As stated by Chief Juctice Warren in Miranda the United States Supreme Court was directing its attention to and specifically dealing with the admissibility of statements obtained from an individual who is subjected to custodial police interrogation. In Miranda the court laid down strict rules regarding defendant’s right to counsel and his right to remain silent. However, it should be noted that the court was concerned with these rights only as they arose during the custodial, pre-trial interrogation state of the proceedings of an accused.
“Some comments in the Miranda opinion can indeed be read as indicating a bar to use of an uncounseled statement for any purpose, but discussion of that issue was not at all necessary to the Court’s holding and cannot be regarded as controlling. Miranda barred the prosecution from making its case with statements of an accused made while in custody prior to having or effectively waiving counsel. It does not follow from Miranda that evidence, inadmissible against an accused in the prosecution’s case in chief is barred for all purposes, provided of course that the trustworthiness of the evidence satisfies legal standards.”
In the instant case the defendant makes no claim that his right against self-incrimination was violated when he was apprehended or at any time prior to trial but maintains that when he made an exculpatory statement during trial, his testimonial privilege continued so that the state was precluded upon cross-examination from attempting to impeach him by asking if he had previously made such a statement to the police.
As we have acknowledged, the cases of Stephens, Brinson and Nolan support the defendant’s position, but we are of the opinion that these cases extended an interpretation to Miranda which was not intended by our United States Supreme Court. In People v. Calhoun, 33 Mich.App. 141, 189 N.W.2d 743, we have a strikingly similar factual situation and during the course of the trial the defendant testifying in his own behalf made an exculpatory statement to the effect that he and a co-defendant were duped into committing the crime by a third party. The prosecutor on cross-examination asked the defendant when was the first time that he had told anyone the exculpatory statement that he had just related on direct examination. The defendant stated that he had told his attorney. *862When asked by the prosecutor if he had ever told the police, he stated that he had not.
In Calhoun the Michigan reviewing court held that such cross-examination by the prosecutor did not constitute reversible error and we quote:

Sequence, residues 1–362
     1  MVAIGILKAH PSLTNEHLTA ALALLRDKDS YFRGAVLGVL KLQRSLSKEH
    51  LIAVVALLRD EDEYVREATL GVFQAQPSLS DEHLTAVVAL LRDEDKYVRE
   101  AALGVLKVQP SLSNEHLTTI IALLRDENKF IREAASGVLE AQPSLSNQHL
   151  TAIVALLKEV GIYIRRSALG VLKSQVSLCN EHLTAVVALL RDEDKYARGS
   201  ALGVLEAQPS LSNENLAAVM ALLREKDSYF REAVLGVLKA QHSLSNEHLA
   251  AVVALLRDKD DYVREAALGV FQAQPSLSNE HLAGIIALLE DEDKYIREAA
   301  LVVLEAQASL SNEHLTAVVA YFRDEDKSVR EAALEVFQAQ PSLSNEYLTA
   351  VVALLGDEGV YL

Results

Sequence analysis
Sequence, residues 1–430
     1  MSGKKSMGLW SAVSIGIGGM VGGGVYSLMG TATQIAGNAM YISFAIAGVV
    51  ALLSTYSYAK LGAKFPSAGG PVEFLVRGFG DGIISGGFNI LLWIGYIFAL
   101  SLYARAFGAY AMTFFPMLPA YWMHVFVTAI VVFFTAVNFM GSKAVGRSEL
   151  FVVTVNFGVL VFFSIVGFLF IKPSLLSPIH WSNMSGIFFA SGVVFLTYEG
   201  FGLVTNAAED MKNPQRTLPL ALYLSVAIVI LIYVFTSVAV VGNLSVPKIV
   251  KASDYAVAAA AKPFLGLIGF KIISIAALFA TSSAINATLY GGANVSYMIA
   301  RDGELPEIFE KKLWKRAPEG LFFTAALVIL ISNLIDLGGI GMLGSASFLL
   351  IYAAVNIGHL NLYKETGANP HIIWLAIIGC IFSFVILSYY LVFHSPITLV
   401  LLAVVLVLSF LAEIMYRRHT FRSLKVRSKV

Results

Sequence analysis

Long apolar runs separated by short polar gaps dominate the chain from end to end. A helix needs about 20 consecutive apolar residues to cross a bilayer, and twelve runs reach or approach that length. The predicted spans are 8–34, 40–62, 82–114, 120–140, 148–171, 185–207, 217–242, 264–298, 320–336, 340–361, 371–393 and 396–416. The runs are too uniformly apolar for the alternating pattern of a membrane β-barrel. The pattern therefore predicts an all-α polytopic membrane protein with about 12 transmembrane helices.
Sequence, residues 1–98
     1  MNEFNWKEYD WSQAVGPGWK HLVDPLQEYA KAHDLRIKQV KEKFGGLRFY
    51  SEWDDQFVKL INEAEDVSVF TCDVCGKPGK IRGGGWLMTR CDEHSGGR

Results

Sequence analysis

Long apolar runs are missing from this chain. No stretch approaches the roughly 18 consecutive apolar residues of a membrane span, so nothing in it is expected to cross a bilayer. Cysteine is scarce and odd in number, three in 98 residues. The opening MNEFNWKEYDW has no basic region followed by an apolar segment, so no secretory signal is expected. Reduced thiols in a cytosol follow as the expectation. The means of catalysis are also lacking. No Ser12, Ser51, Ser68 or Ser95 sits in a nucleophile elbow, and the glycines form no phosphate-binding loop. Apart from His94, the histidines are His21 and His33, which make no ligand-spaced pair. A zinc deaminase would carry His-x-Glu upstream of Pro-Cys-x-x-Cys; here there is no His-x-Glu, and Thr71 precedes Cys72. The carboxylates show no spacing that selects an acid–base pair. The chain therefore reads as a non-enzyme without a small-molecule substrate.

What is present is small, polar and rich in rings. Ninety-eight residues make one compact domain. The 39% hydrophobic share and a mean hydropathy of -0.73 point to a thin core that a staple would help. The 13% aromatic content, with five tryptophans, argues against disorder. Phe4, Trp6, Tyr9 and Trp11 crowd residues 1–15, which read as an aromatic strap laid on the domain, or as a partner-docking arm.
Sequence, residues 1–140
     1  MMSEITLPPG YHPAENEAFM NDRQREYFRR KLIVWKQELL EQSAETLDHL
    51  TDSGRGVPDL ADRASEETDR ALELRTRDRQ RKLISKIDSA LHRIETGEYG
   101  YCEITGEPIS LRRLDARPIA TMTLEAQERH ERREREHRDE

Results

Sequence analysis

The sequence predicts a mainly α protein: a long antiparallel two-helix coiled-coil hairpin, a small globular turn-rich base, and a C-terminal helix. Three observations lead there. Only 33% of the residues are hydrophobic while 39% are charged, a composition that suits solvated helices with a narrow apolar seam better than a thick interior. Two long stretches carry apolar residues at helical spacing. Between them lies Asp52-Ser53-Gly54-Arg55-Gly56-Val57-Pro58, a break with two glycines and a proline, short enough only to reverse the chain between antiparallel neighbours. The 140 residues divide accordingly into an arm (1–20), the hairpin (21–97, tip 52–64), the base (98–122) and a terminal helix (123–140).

“The adversaiy process should certainly permit cross-examination as to a defense theory which without any challenge would permit a testifying accused to rely on any hypothesis however nebulous, and yet bars the prosecution from subjecting the specifics of it to ‘truth-testing devices.’ ”
In Calhoun the court relied on the decision of the United States Supreme Court in Harris v. New York, 401 U.S. 222, 28 L.Ed.2d 1, 91 S.Ct. 643, where it was held that a statement inadmissible against a defendant in the prosecution’s case in chief because of lack of procedural safeguards required by Miranda may, if its trustworthiness satisfies legal standards, be used for impeachment purposes to attack the credibility of defendant’s trial testimony. It is clear that in Calhoun the. Michigan court interpreted Harris as including inconsistent non utterances as well as utterances as being permissible for the use of impeachment purposes in attacking the credibility of a defendant’s trial testimony. With this interpretation we agree. In People v. Russell, 27 Mich.App. 654, 183 N.W.2d 845, the prosecution commenced a line of questioning which made reference to defendant’s previous silence after he made an exculpatory statement during trial. Such cross examination was not held to be prejudicial and the court in considering the matter of the prosecution referring to the defendant’s prior silence stated:
“Since the decision in Miranda v. Arizona [Citation.] it is clear that silence in communicating to police officers can no longer be used as an admission against interest. But there is nothing, in Miranda that forbids such cross examination once the defendant has chosen to testify. As Judge Learned Hand stated in United States v. St. Pierre (C.A.L., 1942), 132 F.2d 840:
‘It must be conceded that the privilege is to suppress the truth, but that does not mean that it is a privilege to garble it. * * * It should not furnish one side with what may be false evidence and deprive the other of any means of detecting the imposition.’ ”
The issue which we are now considering was clearly resolved in the Harris case when the United States Supreme Court stated: